Insider: Cleanin’ Out My Closet

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Welcome back speculators!

"Cleanin' Out My Closet" is not just a song by Eminem (and an old adage before that), it's also the idea of looking back at your spec calls that failed. At work we call this a "lesson learned" and it's critical to do these every once in a while so we don't repeat the same mistakes we made previously.

With that being said, it's time to look at my biggest mistakes, the specs that haven't panned out or failed altogether. It's important to note why we picked the card in the first place, but it's even more important to take a step back and assess why it hasn't panned out.

92x Sylvan Primordial (5x Foil)

Reason for the spec: This card proved it was by far the most powerful of the Primordial cycle from Gatecrash. It was the only one guaranteed to hit a target from each player during a multiplayer game because it could hit so many different targets. Ramping in addition catapulted it to a ridiculous power level. It quickly became a "must play" in any EDH deck with green.

Reason it failed: The writing was on the wall with this one. While it didn't let you get any land (like Primeval Titan) it still proved too powerful for any deck that could cast it to omit. Our local play group banned this card prior to the official banning and I've heard of house bannings in numerous other places.

Being a regular rare in a heavily opened set also makes his potential for growth outside of EDH very limited. Unless he ever gets unbanned, I expect he'll just sit in my box or I'll bulk him out (at a considerable loss).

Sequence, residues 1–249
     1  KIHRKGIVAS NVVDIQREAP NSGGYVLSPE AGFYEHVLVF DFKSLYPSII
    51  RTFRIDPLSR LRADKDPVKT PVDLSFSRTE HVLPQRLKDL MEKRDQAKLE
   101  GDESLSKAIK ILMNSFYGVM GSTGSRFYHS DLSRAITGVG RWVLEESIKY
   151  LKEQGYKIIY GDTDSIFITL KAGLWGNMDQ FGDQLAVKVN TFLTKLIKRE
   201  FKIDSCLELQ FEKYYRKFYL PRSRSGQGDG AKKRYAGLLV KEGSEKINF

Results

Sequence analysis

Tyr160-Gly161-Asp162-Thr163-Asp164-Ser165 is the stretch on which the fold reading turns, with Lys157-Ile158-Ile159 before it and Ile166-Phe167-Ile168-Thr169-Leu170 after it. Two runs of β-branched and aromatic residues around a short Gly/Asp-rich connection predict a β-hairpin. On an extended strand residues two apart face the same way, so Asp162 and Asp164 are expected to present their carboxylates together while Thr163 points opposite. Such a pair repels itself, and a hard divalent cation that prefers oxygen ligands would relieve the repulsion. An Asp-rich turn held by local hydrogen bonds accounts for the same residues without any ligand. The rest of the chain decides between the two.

12x Spitting Image

Reason for the spec: This card paired well with Sylvan Primordial (though it goes well with any creature with an ETB effect) and Primeval Titan. I picked these up before either was banned. The logic was that if you copy creatures that fetch lands then any land you draw can be turned into copies of said creatures. The fact that you can copy other people's creatures puts it over the top.

Reason it failed: This card has yet to pan out (though I still feel like it has a lot of potential). The green-blue hybrid cost limits the number of decks it can go into, two of which--RUG and BUG--have few options for generals. I expected there to be more demand for this card, but by failing to understand the restrictions imposed by its mana cost I overestimated the amount of play it would see.

86x Mental Misstep

Reason for the spec: This card, which was briefly legal in Legacy was potentially the next Force of Will. During its legality it was a must-play in blue decks and even was run in non-blue decks as an answer to problematic cards. It was guaranteed to get better as more one-drops were printed and being an answer to opposing copies meant that almost every deck would consider including it.

Reason it failed: This card was banned in Legacy and Modern, though it still sees a lot of play in Vintage (sadly the prohibitive cost of this format keeps out a lot of potential players). I still like it as a long-term spec (remaining optimistic that it will get unbanned in Modern). If it doesn't its price has hit a plateau (I didn't pick these up until after they were banned in legacy and the price plummeted). However, this card will likely remain at its current price indefinitely (unless it does get unbanned), thus I have money tied up for an indefinite period of time.

64x Misthollow Griffin

Reason for the spec: The card does something truly unique, it's blue, and it has great synergy with one of the most played cards in Legacy, Force of Will. It can recur itself even in the face of graveyard removal. And it combos with Food Chain to create infinite colored mana (only for creatures, but there are lots of creature-based combos).